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The Terminator cometh? 3-D printers go from plastic to liquid metal

The brutal liquid metal assassin from "Terminator 2" is impressed indelibly on the memory of any action movie fan. But that shape-shifting chrome T-1000 is just a fantasy, right? Well, yes, but a cool technique of building tiny items with liquid metal is definitely a step in that direction.

It'll be a while before a robot can be created that can be sent back in time, but the researchers at North Carolina State University have found a novel form of 3-D printing that uses a special metal alloy that's totally liquid at room temperature.

The gallium-indium alloy can be squeezed out of a tiny syringe, and when it comes in contact with the air, it instantly develops an oxide "skin" that acts like a bag keeping the rest inside.

Metal critter
By stacking droplets and stretching them, the team can make more complex structures, like this one.

"The drops are like miniature water balloons," wrote professor Michael Dickey in an email to NBC News. "Metals have appealing electrical, thermal, and optical properties — so the ability to pattern it in 3D may have other applications that go beyond these."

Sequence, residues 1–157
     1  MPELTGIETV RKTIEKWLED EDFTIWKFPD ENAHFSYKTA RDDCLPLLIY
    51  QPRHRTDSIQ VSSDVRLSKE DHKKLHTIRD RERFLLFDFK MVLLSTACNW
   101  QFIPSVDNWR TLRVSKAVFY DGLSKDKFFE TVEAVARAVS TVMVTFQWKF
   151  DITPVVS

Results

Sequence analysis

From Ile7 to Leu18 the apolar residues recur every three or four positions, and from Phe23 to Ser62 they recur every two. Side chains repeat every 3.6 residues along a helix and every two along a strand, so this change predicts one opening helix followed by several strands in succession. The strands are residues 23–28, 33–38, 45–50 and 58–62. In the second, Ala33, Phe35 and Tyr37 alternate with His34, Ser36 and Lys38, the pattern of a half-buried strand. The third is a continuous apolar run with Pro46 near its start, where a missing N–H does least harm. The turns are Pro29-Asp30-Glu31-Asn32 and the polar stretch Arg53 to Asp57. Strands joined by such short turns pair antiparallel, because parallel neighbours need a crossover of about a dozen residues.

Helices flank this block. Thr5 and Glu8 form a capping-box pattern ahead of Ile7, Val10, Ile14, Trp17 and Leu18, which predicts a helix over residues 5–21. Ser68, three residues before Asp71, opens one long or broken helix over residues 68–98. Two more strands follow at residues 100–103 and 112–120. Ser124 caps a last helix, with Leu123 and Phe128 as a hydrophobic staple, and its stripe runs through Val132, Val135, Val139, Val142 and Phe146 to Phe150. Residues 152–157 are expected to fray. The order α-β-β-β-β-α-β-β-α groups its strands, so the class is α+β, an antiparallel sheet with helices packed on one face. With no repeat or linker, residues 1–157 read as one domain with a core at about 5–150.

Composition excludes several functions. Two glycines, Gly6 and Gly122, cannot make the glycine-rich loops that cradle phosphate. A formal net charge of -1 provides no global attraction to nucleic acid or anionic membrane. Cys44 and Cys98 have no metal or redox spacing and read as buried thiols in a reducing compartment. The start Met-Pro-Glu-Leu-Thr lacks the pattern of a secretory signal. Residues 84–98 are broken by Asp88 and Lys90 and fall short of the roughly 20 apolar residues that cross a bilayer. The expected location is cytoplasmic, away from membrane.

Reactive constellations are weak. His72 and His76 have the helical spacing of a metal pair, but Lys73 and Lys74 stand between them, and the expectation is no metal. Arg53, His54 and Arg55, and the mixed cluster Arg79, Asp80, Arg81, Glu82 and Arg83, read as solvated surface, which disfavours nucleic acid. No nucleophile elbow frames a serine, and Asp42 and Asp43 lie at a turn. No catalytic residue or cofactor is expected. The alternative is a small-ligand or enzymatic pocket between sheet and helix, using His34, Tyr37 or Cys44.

By stacking the droplets, they can build tiny structures like the Eiffel Tower-esque creation in the video above, or make more complicated shapes by stretching and manipulating those drops. And because it is conductive, it can also be laid down on circuit boards like solder — though it would be more like frosting a cake.

While it's an interesting material and process, it's not quite a miracle (or Terminator) just yet. The gallium-indium alloy is about half the price of silver, and Dickey cautioned that the tiny drops are "probably slightly more fragile than that image might invoke... If you touched the metal itself, it might feel like wet paint."

Bug antlers
Antlers on a cockroach?

So using it in a real-world situation would require a stabilizing layer, which Dickey said the team is already looking into. "In our paper we demonstrate wires to connect two LEDs to make stretchable electrical connections. The wires are encased in an elastomer."

And lastly, what's the deal with the antlers being put on the cockroach at the end of the video? Actually, says Dickey, those are antennas:

"It was intended as an inside joke since our group is known for liquid metal antennas. It was a play off that, but I thought it illustrated the idea so clearly we included it."

More technical information can be found in the paper describing the NC State team's work, "3D Printing of Free Standing Liquid Microstructures."

Devin Coldewey is a contributing writer for NBC News Digital. His personal website is coldewey.cc.